I’ll give it a shot the next time I copy audiobooks to my player (later this week, mostly podcasts) and post back here with the results.

Thanks much, this could actually work.

Just completed some quick testing of your questions.


         The FAT sorter program will enable sequential display of files using ClipSport (and Jam).

         ClipSport (and Jam) will not create a “Resume File” for mp3 files in the AUDIOBOOKS folders.


        The FAT sorter program will have no effect on the display of files using ClipSport (and Jam).

             The sequential display of files depends on the first 12 characters in the Titles and Albums fields in the ID3 tags.

         ClipSport (and Jam) will create one “Resume File” for each mp3 file in the AUDIOBOOKS folders.

Thanks much for testing that.

Renaming the filenames themselves to start with a 2-digit number doesn’t help.

Copying the files one at a time in proper order (to ensure FAT order is correct) doesn’t help.

The ID3v2.3 titles start with a 5-digit date (eg: 03-16) in proper order, but that doesn’t help.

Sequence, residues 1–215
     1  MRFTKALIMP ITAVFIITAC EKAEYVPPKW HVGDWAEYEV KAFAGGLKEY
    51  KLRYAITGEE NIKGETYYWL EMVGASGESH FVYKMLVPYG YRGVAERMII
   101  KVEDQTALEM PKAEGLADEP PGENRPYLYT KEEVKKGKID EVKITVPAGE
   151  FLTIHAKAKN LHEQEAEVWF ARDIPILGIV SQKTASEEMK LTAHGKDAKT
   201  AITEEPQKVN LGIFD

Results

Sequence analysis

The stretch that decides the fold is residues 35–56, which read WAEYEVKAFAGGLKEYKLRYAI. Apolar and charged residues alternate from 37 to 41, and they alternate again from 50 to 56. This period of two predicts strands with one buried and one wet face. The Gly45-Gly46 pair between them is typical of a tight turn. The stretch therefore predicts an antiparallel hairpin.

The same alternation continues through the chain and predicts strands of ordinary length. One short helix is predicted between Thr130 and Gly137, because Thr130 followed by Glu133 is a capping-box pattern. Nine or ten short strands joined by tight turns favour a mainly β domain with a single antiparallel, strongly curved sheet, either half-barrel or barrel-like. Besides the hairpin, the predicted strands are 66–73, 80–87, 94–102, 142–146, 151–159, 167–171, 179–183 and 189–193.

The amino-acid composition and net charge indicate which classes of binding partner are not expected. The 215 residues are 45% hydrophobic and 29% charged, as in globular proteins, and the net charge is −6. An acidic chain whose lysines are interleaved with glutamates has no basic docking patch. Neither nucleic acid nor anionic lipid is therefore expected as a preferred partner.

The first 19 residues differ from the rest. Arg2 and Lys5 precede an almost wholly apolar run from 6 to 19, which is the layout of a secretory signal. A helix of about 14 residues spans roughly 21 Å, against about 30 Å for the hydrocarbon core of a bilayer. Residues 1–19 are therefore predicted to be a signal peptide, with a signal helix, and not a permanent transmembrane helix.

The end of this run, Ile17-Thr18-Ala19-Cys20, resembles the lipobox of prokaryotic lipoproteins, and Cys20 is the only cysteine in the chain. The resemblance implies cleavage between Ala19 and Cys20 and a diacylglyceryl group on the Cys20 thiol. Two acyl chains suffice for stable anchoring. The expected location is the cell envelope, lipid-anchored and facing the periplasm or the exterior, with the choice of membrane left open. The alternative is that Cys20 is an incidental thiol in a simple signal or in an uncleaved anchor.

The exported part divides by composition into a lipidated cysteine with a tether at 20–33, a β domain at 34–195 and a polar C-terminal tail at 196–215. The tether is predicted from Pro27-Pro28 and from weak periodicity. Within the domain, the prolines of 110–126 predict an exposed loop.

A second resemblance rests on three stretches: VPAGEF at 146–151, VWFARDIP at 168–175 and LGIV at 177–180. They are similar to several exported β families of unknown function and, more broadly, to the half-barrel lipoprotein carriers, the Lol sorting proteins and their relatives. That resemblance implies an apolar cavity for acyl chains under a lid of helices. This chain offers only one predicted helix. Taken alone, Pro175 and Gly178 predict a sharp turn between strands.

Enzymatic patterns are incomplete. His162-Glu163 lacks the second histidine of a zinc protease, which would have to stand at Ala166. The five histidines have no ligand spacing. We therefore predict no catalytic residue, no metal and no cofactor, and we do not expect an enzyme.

Track numbers have 2-digits (eg: 01, 02, 03…) but that doesn’t help.

No matter what I do, Clip Jam consistently plays (and shows) my tracks in random order.

Should I remove the track numbers?

Your comments about problems with audiobook playback order seem to relate to ID3 tagging problems using BOOK MODE.

        Filename ordering problems (and FAT table sequencing) applies only to FOLDER MODE.

Maybe it is hard to provide best advice without seeing examples of your ID3 tags??  

Maybe you could post here one example of your data entries for all the ID3 fields in one of your audiobook files?

I have never tried using 5-digit dates in the audio title field of my ID3 tags.  I typically use 2-digit prefixes (followed by a space or a hyphen) then text labels of 8 or more letters in the audio title field. The first 8 letters of the text labels should readily indicate the specific title of the audio file (not the artist name, etc).   Seems like you have proven that 2-digit track numbers do not solve your situation.  Maybe you can try using helpful data in the Album Title field in your ID3 tags.